The ‘Ballad’ Of The School-Day Morn

Childhood, Other Poetry, Parenting Add comments

Hello 🙂

Today I was looking at the description of ‘epic‘ poems, and something I wrote in November 2016 popped into my head.  It doesn’t fit within the ‘epic’ parameters as there are no heroic deeds (other than getting two children to school/nursery on time…) and the rhyming scheme is not compliant, but something about epic poetry being a story brought that older work to mind.

I wanted to share it with you anyway, so I dug it out (that took a while as I hadn’t realised just how many notebooks I had gone through since I started this crazy idea of writing a poem every day…I need to catalogue them properly with the dates on the front, etc!).  A lot of the beginning of my poem jarred me because it went from quasi-blank verse into one rhyming scheme half way through, and then progressed into a more complicated one still!

I tweaked the first 20 lines into a second and fourth line rhyme scheme (5 sets of four lines), then tightened up a few rhymes from the 21st line onwards – where I keep the second and fourth line rhyming at the ends, but also have an internal rhyme in the first and third lines!! (Still with me?!)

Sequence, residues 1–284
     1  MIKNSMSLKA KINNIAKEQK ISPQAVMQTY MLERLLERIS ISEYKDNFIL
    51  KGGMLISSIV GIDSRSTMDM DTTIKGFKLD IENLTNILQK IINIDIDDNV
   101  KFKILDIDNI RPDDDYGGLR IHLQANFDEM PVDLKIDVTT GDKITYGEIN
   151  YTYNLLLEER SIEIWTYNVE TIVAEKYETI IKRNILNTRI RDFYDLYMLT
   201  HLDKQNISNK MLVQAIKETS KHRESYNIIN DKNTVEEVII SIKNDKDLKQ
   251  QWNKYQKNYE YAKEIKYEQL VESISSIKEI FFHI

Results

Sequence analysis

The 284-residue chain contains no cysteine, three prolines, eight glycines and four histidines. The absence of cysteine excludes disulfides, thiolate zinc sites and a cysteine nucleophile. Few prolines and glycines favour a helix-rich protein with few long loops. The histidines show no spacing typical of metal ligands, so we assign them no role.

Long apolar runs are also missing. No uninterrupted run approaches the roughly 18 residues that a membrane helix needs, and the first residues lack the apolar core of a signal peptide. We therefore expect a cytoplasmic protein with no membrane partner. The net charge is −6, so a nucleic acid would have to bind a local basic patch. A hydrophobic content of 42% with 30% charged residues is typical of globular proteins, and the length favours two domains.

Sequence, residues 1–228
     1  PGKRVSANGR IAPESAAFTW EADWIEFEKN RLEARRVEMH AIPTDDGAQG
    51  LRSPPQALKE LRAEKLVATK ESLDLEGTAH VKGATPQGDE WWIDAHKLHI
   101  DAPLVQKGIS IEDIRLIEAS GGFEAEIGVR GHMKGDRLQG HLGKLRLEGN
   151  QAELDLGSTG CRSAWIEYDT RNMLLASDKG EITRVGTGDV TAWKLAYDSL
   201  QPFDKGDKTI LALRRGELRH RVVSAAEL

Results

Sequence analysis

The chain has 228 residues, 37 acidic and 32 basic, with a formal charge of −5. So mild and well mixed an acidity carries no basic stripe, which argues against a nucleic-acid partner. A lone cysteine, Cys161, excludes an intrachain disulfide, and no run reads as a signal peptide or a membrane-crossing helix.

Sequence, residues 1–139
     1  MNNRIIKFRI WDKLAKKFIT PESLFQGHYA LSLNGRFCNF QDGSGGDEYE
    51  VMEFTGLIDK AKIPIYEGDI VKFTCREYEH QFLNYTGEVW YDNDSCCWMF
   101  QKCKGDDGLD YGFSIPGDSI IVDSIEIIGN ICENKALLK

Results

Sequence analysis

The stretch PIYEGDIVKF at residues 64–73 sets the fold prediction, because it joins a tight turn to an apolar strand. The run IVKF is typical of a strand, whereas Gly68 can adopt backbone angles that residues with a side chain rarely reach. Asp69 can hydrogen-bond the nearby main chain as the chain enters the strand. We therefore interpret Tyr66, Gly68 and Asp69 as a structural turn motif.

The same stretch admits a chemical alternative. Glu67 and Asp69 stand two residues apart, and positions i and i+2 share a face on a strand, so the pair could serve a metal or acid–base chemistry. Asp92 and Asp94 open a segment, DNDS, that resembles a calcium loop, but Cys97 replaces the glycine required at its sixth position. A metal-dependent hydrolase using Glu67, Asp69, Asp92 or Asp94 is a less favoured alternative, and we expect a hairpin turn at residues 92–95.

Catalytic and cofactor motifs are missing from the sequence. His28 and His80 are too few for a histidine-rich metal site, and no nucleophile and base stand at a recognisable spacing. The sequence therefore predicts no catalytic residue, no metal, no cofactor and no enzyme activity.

Why the rhythm changes within the work?  I did it subconsciously when I wrote it originally, then realised that I had changed to the internal rhymes just when the children and I had left the house in the story, so it was mirroring our need to keep moving/the sound of our steps on the ground. 

Maybe…?!

I just go with what flows, according to my poetic ear at the time, usually, and add a dash of logic later 😉

This being the case, I thought it might be an idea to look at the syllable count per line that I had ended up with, and figure out if what I had created was any recognised form of narrative poetry.

I keep coming up against metrical terms as I look deeper into poetry, and I must admit that it still all fuddles my mind.  I read Wikipedia’s take on the Lyric and was lost in the realms of di and tri syllables (see the table in this Wikipedia entry for why I am a tad bamboozled) and their corresponding names and significances!